American history class came to life for 9-year-old Jasmine Williams at Laurelton’s annual Memorial Day parade Monday afternoon.
The Laurelton resident attended the parade with her father, Clive, and continued to absorb the lessons he said he hoped she would learn through coming every year to the parade.
“I always try to come and support the local Memorial Day services, and I bring my daughter with me so that she can understand and see for herself that there are people who sacrificed for their country to protect our freedoms,” he said.
The event featured a procession down Merrick Boulevard of veterans from wars as early as World War II, men and women currently serving in the military, the familiar staccato rhythms of a drum corps and the matching uniforms of local Boy and Girl Scout troops.
They were all headed to the Memorial Triangle, where veterans gave speeches and read poems, elected officials paid homage to the nation’s living and fallen warriors and songs and prayers were dedicated to their sacrifices.
Vietnam veteran PFC Dartis Judson of Jamaica got there early. Having served in the U.S. Army between 1968 and 1970, much of the final two years on the battlefield, he saved a spot right near where the action was going to be.
He said Memorial Day is a rare, essential chance for children like Jasmine to learn about the importance of the service of all the soldiers who fought in the United States’ armed conflicts.
“Young people should know that men and women in the service died for our freedom. It still goes on today in Iraq and Afghanistan,” he said with a genuine warmth and wisdom. “They should remember the people that served their country, even the people that didn’t give the ultimate sacrifice. Every year, young people should take the time to do that.”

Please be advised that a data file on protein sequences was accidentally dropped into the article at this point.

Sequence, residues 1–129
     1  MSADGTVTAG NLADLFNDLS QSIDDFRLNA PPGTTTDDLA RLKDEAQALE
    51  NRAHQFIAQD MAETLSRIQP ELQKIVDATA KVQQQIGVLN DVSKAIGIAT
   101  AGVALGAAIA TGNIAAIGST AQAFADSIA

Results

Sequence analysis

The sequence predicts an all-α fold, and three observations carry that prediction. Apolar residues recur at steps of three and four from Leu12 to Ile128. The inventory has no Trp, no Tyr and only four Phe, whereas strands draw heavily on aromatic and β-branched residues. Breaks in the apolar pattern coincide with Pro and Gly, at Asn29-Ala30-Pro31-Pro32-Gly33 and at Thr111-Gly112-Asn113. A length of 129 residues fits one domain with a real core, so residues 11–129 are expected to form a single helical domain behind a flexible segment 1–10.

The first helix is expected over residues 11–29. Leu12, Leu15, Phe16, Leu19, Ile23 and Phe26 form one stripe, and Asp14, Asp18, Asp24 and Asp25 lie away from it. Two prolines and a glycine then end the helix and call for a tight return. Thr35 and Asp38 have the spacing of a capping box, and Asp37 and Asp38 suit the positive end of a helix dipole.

First Class Airman Bob Walker, who fought with the Air Force in the Korean War, seconded Judson’s thoughts and added some of his own.
“Memorial Day is to pay respects to those who lost their lives or were disabled in wars, and to educate the youth about being patriotic,” he said. “Best country in the world, we have to respect it and protect it.”
All the excitement and activity put a broad, toothy smile on Jasmine Williams’ face, but it was clear that she had gotten more out of the event than just the enjoyment of her favorite part: the dynamic music.
“Memorial Day means celebrating all the people who save our country because they need to be appreciated,” she said with a poignant wisdom as the last of the parade passed by.
Reach reporter Connor Adams Sheets by e-mail at csheets@cn
©2010 Community News Group
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